Archives are integral to our understanding of artists and their work. We can delve into known records again and again, find out new things or reinterpret documentation which continues to enrich our knowledge in various ways. We can find out more, not only about the artist’s public standing and reception but also their personal lives which often remain private or hidden during their lifetime. Archives can often provide a link between the artist and the work, providing a documentary narrative which itself is fascinating.
Presented here are a selection of documents from collections held at Tate Archives and The National Archives 1 which reveals different aspects of the personal and professional life of Barbara Hepworth.
Tate Archive: Barbara Hepworth’s personal life – Morwenna Roche
The Tate Archive has recently finished the project of cataloguing Barbara Hepworth’s papers (generously funded by Tate Members and the Estate of Barbara Hepworth), which provide a fascinating and rich insight into her life and work.
The papers were neatly divided into two collections: Correspondence of Barbara Hepworth (TGA 965) and The remaining personal papers of Barbara Hepworth (TGA 20132). Together these two collections provide a fascinating and rich insight into the personal and professional life of the sculptor, particularly from the 1940s onwards.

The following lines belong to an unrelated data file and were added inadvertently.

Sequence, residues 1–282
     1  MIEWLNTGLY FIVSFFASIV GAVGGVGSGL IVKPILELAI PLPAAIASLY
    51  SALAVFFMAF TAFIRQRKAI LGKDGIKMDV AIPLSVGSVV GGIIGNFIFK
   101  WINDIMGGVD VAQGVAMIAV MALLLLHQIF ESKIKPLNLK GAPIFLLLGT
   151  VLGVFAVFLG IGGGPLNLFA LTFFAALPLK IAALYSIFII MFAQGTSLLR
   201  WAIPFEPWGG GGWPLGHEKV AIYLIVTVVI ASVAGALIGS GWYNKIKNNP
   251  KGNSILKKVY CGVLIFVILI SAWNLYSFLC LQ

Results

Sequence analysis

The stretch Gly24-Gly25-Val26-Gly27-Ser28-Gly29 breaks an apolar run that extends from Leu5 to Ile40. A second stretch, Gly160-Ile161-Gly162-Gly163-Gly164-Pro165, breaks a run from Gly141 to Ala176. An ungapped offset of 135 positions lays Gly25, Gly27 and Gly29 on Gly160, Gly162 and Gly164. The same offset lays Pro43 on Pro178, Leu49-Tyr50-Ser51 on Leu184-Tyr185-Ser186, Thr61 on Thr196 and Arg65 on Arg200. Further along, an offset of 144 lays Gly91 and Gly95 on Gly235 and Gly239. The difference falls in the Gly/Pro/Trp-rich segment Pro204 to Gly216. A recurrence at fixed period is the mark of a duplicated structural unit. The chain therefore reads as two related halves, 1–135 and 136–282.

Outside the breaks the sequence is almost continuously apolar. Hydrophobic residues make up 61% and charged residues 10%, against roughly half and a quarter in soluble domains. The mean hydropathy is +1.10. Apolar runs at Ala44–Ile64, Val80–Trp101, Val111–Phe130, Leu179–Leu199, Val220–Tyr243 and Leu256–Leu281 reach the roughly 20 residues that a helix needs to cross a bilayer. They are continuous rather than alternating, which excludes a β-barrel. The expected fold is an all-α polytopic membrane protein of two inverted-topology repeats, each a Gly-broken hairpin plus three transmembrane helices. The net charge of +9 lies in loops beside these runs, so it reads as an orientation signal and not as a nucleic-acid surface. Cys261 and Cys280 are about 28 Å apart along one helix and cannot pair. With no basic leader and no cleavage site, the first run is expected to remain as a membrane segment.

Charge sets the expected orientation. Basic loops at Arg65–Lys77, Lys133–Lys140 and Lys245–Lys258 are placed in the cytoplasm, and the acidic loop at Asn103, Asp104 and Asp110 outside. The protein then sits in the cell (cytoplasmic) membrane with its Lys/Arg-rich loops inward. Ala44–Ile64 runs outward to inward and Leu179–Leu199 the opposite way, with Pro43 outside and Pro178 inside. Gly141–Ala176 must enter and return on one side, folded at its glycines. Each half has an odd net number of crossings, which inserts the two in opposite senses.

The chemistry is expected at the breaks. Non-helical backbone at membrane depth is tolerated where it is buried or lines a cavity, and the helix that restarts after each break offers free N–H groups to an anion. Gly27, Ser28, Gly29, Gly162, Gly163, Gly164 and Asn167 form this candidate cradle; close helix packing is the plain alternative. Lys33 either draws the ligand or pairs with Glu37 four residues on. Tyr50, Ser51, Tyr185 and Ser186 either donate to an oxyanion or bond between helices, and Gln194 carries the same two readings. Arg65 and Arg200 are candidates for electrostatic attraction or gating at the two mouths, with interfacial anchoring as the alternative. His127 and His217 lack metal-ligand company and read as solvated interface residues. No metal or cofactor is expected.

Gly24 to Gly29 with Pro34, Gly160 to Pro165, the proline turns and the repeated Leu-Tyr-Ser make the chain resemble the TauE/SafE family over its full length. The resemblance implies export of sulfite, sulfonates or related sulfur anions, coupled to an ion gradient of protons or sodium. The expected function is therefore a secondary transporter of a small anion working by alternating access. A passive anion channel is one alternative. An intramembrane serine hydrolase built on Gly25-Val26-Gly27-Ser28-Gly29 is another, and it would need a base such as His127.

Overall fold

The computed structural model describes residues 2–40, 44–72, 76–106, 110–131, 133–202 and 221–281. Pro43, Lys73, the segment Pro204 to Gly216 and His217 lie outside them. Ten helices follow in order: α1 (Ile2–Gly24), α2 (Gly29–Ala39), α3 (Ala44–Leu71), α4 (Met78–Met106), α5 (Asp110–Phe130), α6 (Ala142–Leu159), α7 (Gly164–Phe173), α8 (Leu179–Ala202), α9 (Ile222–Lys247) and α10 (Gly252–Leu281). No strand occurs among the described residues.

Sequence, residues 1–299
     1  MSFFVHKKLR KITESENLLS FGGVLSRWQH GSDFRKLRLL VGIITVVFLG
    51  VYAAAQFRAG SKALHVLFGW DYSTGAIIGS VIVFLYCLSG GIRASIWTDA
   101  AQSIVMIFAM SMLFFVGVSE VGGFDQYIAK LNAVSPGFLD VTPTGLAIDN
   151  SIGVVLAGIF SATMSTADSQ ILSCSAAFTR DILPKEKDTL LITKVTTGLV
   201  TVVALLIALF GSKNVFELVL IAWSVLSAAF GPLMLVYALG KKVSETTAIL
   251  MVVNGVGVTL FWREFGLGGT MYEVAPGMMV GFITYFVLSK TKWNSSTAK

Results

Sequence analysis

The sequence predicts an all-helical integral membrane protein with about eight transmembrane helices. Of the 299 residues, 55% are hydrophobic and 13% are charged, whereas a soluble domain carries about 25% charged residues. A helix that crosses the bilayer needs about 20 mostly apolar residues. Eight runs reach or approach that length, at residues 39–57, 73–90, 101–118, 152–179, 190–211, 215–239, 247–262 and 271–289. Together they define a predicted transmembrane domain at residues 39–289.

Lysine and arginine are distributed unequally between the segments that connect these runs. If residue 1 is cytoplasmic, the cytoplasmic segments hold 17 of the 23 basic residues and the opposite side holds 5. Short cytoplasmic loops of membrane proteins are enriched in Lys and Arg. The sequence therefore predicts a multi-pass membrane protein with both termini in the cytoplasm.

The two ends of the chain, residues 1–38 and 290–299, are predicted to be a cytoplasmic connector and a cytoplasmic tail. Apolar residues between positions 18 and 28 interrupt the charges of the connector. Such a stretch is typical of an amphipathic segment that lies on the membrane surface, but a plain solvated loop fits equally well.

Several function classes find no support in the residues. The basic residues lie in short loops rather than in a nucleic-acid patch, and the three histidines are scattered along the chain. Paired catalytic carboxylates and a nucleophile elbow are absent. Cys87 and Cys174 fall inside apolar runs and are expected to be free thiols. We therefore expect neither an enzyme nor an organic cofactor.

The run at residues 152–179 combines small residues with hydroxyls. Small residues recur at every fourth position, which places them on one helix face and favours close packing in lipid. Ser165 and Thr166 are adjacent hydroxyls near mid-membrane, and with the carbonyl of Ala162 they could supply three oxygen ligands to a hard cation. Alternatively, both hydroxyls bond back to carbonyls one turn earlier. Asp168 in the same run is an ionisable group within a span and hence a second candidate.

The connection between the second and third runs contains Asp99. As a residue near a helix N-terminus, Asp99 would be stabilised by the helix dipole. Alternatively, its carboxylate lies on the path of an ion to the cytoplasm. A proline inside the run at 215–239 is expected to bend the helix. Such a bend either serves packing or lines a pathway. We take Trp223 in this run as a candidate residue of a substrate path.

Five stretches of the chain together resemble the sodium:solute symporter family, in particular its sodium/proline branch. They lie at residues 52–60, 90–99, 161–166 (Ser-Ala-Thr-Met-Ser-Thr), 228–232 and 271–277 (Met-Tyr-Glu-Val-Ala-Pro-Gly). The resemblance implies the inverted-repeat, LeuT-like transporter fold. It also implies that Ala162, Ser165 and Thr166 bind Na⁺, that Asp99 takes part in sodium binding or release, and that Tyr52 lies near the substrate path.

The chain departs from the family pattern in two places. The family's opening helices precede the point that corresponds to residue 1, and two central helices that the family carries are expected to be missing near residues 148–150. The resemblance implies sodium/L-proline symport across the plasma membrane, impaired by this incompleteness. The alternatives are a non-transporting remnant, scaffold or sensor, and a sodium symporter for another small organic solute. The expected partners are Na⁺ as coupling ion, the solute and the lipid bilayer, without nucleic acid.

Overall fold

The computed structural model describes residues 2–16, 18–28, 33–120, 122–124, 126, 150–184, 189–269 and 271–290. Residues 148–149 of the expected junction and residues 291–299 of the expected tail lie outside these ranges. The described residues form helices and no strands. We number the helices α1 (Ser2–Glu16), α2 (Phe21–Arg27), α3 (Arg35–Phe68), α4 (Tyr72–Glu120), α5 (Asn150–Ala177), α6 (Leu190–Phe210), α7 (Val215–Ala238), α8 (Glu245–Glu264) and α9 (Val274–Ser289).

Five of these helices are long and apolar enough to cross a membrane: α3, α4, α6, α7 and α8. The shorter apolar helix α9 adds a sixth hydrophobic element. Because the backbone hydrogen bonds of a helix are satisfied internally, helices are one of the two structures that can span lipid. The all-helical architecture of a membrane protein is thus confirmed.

Hepworth’s life was very varied both professionally and personally. Unfortunately not many records survived from her early life in Yorkshire and when she was studying at Leeds School of Art (1920-1921) with Henry Moore. There are just a couple of good examples from her very early life in the collection; her school certificates from Wakefield and the piano certificates showing she passed the Advanced Pianoforte test in 1920.
Meeting John Skeaping
Whilst studying at the Royal College of Art (1921-1924), she won the West Riding Travel Scholarship and went to Rome. There she first met and subsequently married the sculptor John Skeaping, a Scholar in Sculpture at the British School in Rome.
The couple lived together in Rome for a year, and then moved back to London due to Skeaping’s ill health. Their son Paul was born in 1929, and Hepworth created the sculpture, Infant, shortly after his birth (currently on show in the sculptor’s exhibition at Tate Britain). One of the few items from this period of her life in the Tate Archive is the photograph of the sculpture of Hepworth made by Skeaping during their time in Italy. The original sculpture has now been lost so this photograph is invaluable.
Hepworth and Nicholson
The Tate Archive collections contain a large amount of correspondence with her second husband the abstract painter Ben Nicholson. They met in 1931 and quickly fell in love. Both were still married at this time, Hepworth to Skeaping and Nicholson to Winifred (nee Dacre). However, Hepworth divorced Skeaping in 1931 2 and three years later the Nicholson-Hepworth triplets Simon, Sarah and Rachel were born.